June is recognized as Pride Month in the United State – a celebration of LGBTQ+ history, perseverance, and culture. The Quincy Democratic City Committee is proud to support and honor Quincy’s LGBTQ community.
Pride has been celebrated across the United States since 1970, the one-year anniversary of the 1969 Stonewall Uprising, when queer and trans communities stood up to trans- and homophobic violence at the hands of the police. The uprising, led by transgender women of color (such as Sylvia Rivera and Marsha P. Johnson), was not the first instance of the LGBTQ+ community taking a stand and refusing to accept discrimination, but it did become one of the most visible moments of queer resistance, sparking a national conversation and movement by the LGBTQ+ community. Since 1970, a growing number of cities, states, organizations, and local communities have observed Pride, holding celebrations, parades, and remembrances in honor of the LGBTQ+ community.
This year, Quincy gets to join this list of communities as we host the first ever Pride celebration in Quincy. Today (June 3rd), you can join the LGBTQ+ community for QPride at Pageant Field from 12pm – 6pm. This is an historic opportunity for our city, and we look forward to a long future of celebrating the LGBTQ+ community in Quincy.
While we have made much progress in the 49 years since the Stonewall Uprising, we are by no means finished in the fight for LGBTQ+ equality and queer justice. Indeed, this November, voters in Massachusetts will be forced to vote to support an already established law banning discrimination based on gender identity in public places (such as schools, restaurants, hotels, and more). The fact that we are being required to publicly affirm this settled law is an affront against the thousands of transgender and gender-queer members of our communities who are constantly being targeted for harassment and violence based on their gender. It’s not enough for us to rebuff this naked attempt at discrimination (and we must rebuff it); the fact is that we should never have been forced to hold a vote on this in the first place.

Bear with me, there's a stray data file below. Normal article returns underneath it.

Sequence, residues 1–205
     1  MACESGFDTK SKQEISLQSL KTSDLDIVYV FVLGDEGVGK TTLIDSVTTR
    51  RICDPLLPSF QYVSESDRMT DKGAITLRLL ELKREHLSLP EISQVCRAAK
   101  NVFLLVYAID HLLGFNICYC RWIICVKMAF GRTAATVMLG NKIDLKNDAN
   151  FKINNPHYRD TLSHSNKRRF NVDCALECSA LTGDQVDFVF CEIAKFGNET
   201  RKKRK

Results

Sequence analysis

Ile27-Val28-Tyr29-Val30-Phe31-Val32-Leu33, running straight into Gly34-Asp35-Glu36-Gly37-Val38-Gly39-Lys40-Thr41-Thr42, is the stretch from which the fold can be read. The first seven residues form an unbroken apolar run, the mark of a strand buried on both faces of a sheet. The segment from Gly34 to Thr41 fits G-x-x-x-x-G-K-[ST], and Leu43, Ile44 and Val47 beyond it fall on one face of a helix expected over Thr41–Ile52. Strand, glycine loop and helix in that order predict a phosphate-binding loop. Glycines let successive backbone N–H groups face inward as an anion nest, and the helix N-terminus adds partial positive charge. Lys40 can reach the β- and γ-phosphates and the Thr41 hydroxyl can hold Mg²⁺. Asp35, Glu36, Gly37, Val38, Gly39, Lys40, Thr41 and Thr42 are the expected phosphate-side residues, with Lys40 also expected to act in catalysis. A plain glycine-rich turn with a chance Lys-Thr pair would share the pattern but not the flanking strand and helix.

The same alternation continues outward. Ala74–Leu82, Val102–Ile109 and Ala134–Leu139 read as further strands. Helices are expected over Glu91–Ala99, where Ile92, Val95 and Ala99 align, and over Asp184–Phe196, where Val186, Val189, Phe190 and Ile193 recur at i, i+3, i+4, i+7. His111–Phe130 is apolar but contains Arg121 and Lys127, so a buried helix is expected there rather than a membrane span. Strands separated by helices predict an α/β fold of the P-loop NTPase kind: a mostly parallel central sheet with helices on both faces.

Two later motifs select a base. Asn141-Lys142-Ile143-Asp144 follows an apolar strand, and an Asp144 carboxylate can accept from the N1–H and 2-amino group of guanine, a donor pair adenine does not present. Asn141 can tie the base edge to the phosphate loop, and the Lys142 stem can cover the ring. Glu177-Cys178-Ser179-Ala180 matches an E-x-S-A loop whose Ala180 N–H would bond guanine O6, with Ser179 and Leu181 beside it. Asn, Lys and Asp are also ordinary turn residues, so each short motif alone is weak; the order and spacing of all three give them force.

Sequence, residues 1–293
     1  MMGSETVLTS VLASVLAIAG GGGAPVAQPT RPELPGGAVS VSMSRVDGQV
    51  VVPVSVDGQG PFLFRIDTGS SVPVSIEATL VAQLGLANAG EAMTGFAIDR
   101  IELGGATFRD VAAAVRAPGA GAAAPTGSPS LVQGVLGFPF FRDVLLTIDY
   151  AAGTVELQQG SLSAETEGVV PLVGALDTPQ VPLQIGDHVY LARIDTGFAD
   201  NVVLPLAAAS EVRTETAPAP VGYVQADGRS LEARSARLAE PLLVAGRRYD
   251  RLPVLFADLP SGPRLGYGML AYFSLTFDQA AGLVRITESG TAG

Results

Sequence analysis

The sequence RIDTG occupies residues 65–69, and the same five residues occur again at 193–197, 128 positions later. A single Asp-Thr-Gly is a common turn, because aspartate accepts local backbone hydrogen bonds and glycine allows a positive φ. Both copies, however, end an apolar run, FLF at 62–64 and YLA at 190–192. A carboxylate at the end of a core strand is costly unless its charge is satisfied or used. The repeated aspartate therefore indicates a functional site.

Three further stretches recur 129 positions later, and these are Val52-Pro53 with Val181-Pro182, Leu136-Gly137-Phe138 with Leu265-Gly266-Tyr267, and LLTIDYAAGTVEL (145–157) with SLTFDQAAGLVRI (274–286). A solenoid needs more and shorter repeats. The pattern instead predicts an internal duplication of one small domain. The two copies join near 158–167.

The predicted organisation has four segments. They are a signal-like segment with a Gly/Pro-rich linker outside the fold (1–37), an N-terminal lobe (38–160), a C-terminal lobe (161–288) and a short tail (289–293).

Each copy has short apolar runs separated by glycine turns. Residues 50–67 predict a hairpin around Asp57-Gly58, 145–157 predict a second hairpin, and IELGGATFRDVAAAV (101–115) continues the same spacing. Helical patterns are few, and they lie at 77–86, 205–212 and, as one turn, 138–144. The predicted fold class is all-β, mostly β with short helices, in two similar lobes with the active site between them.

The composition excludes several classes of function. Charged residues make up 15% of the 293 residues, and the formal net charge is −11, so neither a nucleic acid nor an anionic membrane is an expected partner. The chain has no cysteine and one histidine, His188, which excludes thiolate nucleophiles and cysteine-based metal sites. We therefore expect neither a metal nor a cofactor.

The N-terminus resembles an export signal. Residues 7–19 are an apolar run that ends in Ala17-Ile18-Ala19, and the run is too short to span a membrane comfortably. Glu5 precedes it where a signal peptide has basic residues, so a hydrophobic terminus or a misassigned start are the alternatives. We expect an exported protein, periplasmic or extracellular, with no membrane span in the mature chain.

As we celebrate Pride with our LGBTQ+ friends and family this month, we should be proud of what we have accomplished, and we should celebrate the many victories we have won. Yet, we should not forget that Pride started because LGBTQ+ people took to the streets to fight for justice. This fight is not over.
As long as 48% of Massachusetts LGBTQ+ youth consider suicide, this fight is not over.
As long as LGBTQ+ people of color continue to be singled out for homophobic violence, this fight is not over.
As long as LGBTQ+ histories and experiences are excluded from our children’s curriculum, this fight is not over.
As long as LGBTQ+ children in Massachsuetts can still be forced into dangerous gay “conversion” torture/therapy, this fight is not over.
As long as LGBTQ+ youth are 120% more likely than other youth to be homeless, this fight is not over.
This fight is not over. Indeed, in many ways, this fight is only just beginning. Pride is a celebration, but it is not a victory lap. As you celebrate Pride this month, take stock of the beautiful lives and histories that we are rightfully celebrating. Revel in the festivities and enjoy letting down your hair. Recharge in the (too rare) opportunity to surround yourself with queer and trans people joined together. But remember that our celebration is a political statement – indeed, the very public presence of LGBTQ+ people is itself a bold statement of resistance, of survival, and of persistence. We celebrate Pride in June, but the fight goes on all year long – in our city, in our state, in our nation, in our world, and in our homes.
Happy Pride, everyone, and let’s keep the fight alive.
Garrett W. Nichols is the Vice-Chair of the Quincy Democratic City Committee